Most surprising Premier League moment

JPW: It’s probably how ordinary Manchester United have been in the Premier League in 2017. Yes, they focused on the Europa League and cup competitions last season, but there’s be little progress in their style of play or the way Jose Mourinho is setting them up. I thought they’d be much further along than they are right now.

NM: Claudio Ranieri being fired by Leicester City less than a year after engineering perhaps the most memorable championship season in soccer history. Given the players went on to fail Craig Shakespeare, proving it wasn’t about the manager, they should remain ashamed.

MR: Less than 12 months removed from winning the title, Claudio Ranieri’s firing in February wasn’t as much a shock as Leicester’s poor form. Ultimately the Foxes survived relegation, but nobody could have expected that the team would be forced into such sweeping changes after completing their historic feat a season prior.

Top three players on the planet

JPW: Wow. This is tough. I have to go with Lionel Messi and Cristiano Ronaldo but the third place is so tough. Harry Kane probably deserves to be there because he has more goals than anyone else at the top level in 2017, but how do you leave out Neymar or Kevin De Bruyne? I’m going to give Kane the nod. 1) Messi, 2) Ronaldo, 3) Kane.

NM: 1. Lionel Messi – When you’re the greatest ever, you’re the greatest of the year. 2. Neymar – His Brazil work shows that it’s not just about being a part of two great tridents. 3. Harry Kane – Can’t deny what he’s done for Spurs, and England.

MR: In terms of form, you could very easily argue that Mo Salah and Kevin De Bruyne belong on this list, but when it comes to sustainability, Lionel Messi, Cristiano Ronaldo and Neymar are still the best of the best. We’ve all been waiting for Messi and Ronaldo to drop off in form for some time now, but it just doesn’t seem to happen. Even this season, when Real isn’t at its best, Ronaldo has scored 16 goals in all competitions.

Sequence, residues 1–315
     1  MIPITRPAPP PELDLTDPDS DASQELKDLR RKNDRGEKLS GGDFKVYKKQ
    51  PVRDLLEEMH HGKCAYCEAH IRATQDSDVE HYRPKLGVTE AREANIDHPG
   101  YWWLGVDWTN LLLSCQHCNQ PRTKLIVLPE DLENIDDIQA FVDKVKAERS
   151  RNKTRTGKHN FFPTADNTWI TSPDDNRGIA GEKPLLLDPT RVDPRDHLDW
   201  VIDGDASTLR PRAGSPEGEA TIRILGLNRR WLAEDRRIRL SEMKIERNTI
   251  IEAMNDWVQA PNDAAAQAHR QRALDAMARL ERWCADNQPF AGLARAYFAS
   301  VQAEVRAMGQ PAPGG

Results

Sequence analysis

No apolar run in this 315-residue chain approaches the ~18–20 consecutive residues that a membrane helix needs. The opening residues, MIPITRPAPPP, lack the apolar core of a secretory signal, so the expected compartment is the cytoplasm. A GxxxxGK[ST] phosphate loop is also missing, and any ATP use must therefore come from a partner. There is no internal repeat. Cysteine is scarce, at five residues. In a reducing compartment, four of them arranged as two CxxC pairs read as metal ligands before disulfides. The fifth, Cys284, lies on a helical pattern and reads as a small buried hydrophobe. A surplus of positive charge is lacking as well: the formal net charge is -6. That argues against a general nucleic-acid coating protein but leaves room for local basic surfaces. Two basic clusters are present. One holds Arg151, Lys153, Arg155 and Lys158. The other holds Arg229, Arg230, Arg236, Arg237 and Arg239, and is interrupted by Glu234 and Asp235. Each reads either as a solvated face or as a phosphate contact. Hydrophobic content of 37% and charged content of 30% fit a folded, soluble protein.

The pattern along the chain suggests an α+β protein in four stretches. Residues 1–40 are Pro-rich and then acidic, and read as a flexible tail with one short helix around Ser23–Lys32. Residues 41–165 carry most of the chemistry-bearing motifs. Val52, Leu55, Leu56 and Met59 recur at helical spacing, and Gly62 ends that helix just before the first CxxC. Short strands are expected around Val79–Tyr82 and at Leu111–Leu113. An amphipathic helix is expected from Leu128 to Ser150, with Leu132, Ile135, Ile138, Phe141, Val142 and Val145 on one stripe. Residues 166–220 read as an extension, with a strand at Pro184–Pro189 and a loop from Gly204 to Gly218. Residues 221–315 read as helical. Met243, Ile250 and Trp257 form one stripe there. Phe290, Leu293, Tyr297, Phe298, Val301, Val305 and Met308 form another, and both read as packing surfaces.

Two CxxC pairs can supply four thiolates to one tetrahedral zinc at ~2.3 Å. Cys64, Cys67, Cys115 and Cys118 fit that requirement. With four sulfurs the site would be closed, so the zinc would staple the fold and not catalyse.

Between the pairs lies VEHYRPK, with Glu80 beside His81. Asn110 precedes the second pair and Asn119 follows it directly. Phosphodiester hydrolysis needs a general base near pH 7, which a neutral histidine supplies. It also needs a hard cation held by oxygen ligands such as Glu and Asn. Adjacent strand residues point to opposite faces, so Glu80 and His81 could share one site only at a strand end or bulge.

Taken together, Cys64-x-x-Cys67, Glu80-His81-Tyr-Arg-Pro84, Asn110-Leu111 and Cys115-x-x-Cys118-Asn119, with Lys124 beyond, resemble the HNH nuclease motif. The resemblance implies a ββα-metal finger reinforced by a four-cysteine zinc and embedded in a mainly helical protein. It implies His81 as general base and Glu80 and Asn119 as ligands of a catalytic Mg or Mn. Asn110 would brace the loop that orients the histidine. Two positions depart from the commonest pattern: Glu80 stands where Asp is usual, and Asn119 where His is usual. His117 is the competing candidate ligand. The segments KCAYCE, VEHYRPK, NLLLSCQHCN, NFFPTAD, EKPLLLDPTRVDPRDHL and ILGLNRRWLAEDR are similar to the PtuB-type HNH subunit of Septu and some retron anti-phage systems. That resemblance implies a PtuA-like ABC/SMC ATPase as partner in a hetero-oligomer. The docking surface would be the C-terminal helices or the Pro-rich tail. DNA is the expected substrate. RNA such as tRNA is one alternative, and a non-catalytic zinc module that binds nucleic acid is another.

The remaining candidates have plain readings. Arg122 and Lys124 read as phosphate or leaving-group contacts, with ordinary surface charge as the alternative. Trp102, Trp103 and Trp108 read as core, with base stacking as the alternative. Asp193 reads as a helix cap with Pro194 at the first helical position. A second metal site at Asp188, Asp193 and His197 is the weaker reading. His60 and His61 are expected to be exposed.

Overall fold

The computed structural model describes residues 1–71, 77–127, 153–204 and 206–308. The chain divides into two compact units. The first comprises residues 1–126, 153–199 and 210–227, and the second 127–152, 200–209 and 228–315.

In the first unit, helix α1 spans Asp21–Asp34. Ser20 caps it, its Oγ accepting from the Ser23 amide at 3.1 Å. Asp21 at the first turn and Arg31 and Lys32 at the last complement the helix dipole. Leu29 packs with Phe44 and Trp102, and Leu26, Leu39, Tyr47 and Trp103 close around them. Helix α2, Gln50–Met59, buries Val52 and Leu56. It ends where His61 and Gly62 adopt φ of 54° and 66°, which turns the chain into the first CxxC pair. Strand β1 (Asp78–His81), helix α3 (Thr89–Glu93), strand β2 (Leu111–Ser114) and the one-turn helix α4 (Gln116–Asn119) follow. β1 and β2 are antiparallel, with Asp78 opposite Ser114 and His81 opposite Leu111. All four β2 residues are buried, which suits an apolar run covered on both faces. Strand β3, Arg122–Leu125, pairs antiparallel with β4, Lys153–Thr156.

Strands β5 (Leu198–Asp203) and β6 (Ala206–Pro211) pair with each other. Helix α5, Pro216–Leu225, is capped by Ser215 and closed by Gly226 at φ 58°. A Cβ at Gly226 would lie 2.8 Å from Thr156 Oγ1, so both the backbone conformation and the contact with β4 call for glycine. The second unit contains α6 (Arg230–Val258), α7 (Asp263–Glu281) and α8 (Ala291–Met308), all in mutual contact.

Most memorable soccer moment, globally

JPW: The Barcelona vs. Paris Saint-Germain Champions League Round of 16 second leg was bonkers. The way Barca somehow came back from the dead to win 6-1 on the night with two goals in stoppage time sealing their passage to the last eight was remarkable. It didn’t seem possible.

NM: The United States and its overly confident head coach Bruce Arena getting overrun by Trinidad and Tobago’s B Team and eliminated from World Cup qualification. Yep. Still angry.

MR: 6-1. In one of the most high-profile matches in last season’s Champions League, Barcelona stormed back from dead and advanced to the quarterfinals after its six-goal effort against PSG. The fact that Neymar went on to join PSG later in the year only added fuel to fire for any potential future meetings between the two clubs.

Top moments in U.S. Soccer/Major League Soccer

JPW: Obviously the most memorable moment of 2017 for the USMNT was not making the World Cup after that horrendous display against Trinidad & Tobago’s reserve squad. It will take us all a very, very long time to forget that. On the positive side of things, seeing the rise of Christian Pulisic has been superb and he is exceeding what we all expected him to achieve at such a young age. In MLS, there’s no doubting that Toronto FC winning MLS Cup was a huge moment. Michael Bradley, Jozy Altidore and Sebastian Giovinco have delivered what was expected and they did it in style with a record breaking season. We are seeing the start of another MLS dynasty, I’m sure of it.

NM: I have a lot of admiration for the way Toronto FC made good on the promise of 2016 by winning every competition it entered in 2017 (especially with oft-criticized USMNT stars Michael Bradley and Jozy Altidore doing plenty along the way) and essentially anything Christian Pulisic did was wonderful this season (One of the few players who looked good even when the USMNT was throwing up all over itself). The continued development of other U.S. youngsters (Weston McKennie, Tyler Adams) is also encouraging but not quite to the level of top moment.